Poverty is a violation of human rights. With more than a billion people living in extreme poverty, it is the most widespread violation of human rights in the world. Poverty exists not only in the developing countries, but is also a dramatic and hidden reality in the industrialized countries. Particularly affected are disadvantaged and underrepresented groups - indigenous people, people with disabilities, women, children, youth, and the elderly. Hunger and the HIV/AIDS pandemic are also highly related to poverty. Processes of impoverishment inherent in the global economic system are resulting in increasing inequity, social injustice and violence worldwide.
One-quarter of the world's population remains in severe poverty. In 1993, more than 1,300 million people were living on less than US$1 per day. Of these, the largest number, nearly 1,000 million people, are in the Asia and Pacific region; the highest proportion and the fastest growth are in sub-Saharan Africa, where half the population is expected to be poor by 2000; a growing number, 110 million in 1993, are in Latin America; the number below the poverty level in Eastern Europe and the former Soviet Union had risen to 120 million people by 1993/94; and, in industrialized countries, 80 million people are still below the poverty line (UNDP 1997).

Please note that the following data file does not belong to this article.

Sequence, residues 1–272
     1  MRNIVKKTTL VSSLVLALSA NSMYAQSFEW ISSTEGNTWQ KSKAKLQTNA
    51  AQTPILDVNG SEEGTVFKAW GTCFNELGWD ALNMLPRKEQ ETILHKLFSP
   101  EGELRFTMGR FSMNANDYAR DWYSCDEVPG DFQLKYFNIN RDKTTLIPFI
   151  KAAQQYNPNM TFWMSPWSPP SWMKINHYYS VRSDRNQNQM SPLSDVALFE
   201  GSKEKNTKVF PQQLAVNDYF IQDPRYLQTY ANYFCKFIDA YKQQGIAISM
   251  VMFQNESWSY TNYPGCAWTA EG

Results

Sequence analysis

[Industrialized countries] Despite nearly four decades of unparalleled economic growth in the industrialized world; despite anti-poverty programmes and admittedly improved social welfare schemes, the developed countries are not really any nearer to conquering poverty. Because the distribution of wealth under capitalism is uneven, accruing to an artificially created class (the bourgeoisie), an increasing number of unemployed and low wage-earners live under conditions of poverty. An individual is typically considered poor if personal income falls below the government's official poverty line.
Certainly the poor in the West do not suffer the strict physical deprivation of their Third World counterparts. The safety net of social welfare has effectively reduced the worst effects of starvation and want. But poverty is much more than just a shortage of cash. It is fundamentally an absence of power and influence. That means dependency, helplessness and a lack of political clout. The fact is that the majority of the rich world's poor work for a living. They are poor because their wages are insufficient to maintain a decent living. Most of those who are born into poverty remain there, trapped by the prevailing social attitudes towards poverty: that all those at the bottom are there because they are unintelligent and, in general, inferior.